Christmas holidays arrived and here in the Southern Hemisphere, we found ourselves in sweltering summer heat. Needless to say, it was too hot to be at the sewing machine but I managed to sew up the Reef Camisole and Shorts Set from Megan Nielsen Patterns. It was my final sew for the year just in time for my favourite time of the year. I’ve always loved the time after Christmas and the start of the new year where there is a quietness and a temporary lull to give us a bit of respite before the whirring of busy-ness begins again. It was a good time to finish making the Reef Set so I could have my pyjama day.

Motivated to finish by coffee and panettone

As usual, if you’re looking after a comprehensive sew-along, you should look at the Megan Nielsen Blog Site. This was my own sewing process. Before heading into that, I wanted to talk about the fabric that I used. I bought this lovely muslin from Spotlight Stores. It caught my eye because of the beautiful mustard colour and the pattern is reminiscent of a field of dandelions. Muslin is such a thin fabric; it’s often used for children’s clothing or baby wraps and for good reason. It’s soft, made of cotton and is such a breathable light fabric which is why I’ve thought to use it for summer pyjamas. 

I remember when I had just started sewing, I tried to sew with muslin fabric. I ended up cutting it up for cleaning cloths because it did not even survive the first wash! The best way to prepare muslin fabric for sewing is to overlock the raw cut edges before washing on the cool cycle. This preserves the integrity of the muslin fabric which has a loose weave otherwise you would risk your washing machine unravelling some of the thin fabric. After washing, I gave it a light iron and went on the cut out the pattern pieces. Another beginner tip is to check your needle. I made sure I had a 10/70 needle to ensure that I wouldn’t damage the delicate fabric.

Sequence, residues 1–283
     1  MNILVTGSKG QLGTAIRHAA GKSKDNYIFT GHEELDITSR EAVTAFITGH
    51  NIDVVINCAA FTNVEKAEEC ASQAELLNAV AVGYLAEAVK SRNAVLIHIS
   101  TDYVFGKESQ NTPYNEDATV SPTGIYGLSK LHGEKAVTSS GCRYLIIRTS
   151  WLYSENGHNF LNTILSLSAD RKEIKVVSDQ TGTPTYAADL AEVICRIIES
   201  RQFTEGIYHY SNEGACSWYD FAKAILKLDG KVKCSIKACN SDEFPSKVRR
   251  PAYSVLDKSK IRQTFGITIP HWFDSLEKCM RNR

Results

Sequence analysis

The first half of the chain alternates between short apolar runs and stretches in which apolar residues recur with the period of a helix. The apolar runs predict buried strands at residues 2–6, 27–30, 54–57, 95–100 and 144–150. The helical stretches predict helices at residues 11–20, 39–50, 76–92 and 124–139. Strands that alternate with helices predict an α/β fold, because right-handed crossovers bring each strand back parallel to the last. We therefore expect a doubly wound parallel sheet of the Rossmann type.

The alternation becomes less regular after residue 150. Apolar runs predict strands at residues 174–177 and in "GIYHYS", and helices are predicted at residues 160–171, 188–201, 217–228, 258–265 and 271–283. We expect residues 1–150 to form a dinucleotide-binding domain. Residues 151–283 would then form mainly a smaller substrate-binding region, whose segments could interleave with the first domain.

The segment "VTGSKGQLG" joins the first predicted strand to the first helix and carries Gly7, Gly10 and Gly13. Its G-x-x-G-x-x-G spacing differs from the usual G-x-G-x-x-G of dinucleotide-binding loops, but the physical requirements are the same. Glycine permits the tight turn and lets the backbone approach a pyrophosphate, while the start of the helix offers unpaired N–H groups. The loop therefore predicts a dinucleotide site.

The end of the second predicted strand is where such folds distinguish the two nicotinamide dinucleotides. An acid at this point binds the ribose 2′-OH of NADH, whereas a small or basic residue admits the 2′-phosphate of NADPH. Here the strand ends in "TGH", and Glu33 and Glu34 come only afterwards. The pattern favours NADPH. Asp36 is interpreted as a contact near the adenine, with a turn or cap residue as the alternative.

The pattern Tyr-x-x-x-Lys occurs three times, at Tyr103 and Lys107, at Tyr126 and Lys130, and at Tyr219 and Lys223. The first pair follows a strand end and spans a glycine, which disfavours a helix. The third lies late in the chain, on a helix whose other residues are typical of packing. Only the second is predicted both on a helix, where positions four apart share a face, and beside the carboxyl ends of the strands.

Starting with the camisole, which is cut on the bias, watch that you don’t handle the fabric too much and lay it flat as it will stretch if you hang the fabric before sewing. I also made sure to staystitch where needed as this helps to stabilise the fabric. I love the look of bias-cut garments as it drapes beautifully especially with silky materials. 

The crossover back yoke is the distinguishing feature of this camisole. It’s a really satisfying construction. It’s also so comfortable to wear. I’m tempted to sew this camisole as a top if I can find the right fabric like silk. Once the crossover back yoke is completed, it comes together very fast. Topstitching the neckline and armscye was my own addition to help secure this fragile fabric. I tend to wash everything in the machine and have little time for hand washing so this will go a long way of preserving my Reef Set. I also secured the facing by stitching in the ditch at the side seams and stitching down the back panel.

Onto the shorts, I made the View B option which is the mid-rise. The hemline is curved and again an interesting construction with the attachment of facings. It elevates the piece from basic elasticised waisted shorts to luxurious summer pyjamas shorts. It doesn’t stop there; it also has pockets!